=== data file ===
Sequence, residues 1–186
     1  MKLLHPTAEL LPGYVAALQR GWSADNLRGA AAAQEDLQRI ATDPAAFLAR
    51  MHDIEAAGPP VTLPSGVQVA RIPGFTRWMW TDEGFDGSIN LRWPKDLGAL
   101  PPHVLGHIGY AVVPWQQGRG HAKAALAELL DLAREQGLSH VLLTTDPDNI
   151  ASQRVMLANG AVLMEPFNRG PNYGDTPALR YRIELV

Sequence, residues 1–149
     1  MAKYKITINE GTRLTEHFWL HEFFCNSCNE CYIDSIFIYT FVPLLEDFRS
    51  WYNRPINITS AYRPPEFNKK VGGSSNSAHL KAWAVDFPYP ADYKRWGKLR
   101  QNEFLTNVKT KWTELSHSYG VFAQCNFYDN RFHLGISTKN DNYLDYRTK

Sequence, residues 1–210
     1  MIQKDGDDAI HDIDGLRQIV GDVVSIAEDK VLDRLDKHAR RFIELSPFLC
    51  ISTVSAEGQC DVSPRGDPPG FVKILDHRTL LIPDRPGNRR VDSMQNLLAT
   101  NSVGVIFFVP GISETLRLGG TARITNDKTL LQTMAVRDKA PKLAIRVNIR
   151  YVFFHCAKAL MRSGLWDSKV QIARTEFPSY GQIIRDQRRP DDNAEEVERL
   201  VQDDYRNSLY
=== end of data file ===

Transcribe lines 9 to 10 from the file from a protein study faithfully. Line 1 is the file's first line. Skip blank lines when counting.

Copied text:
   101  QNEFLTNVKT KWTELSHSYG VFAQCNFYDN RFHLGISTKN DNYLDYRTK

Sequence, residues 1–210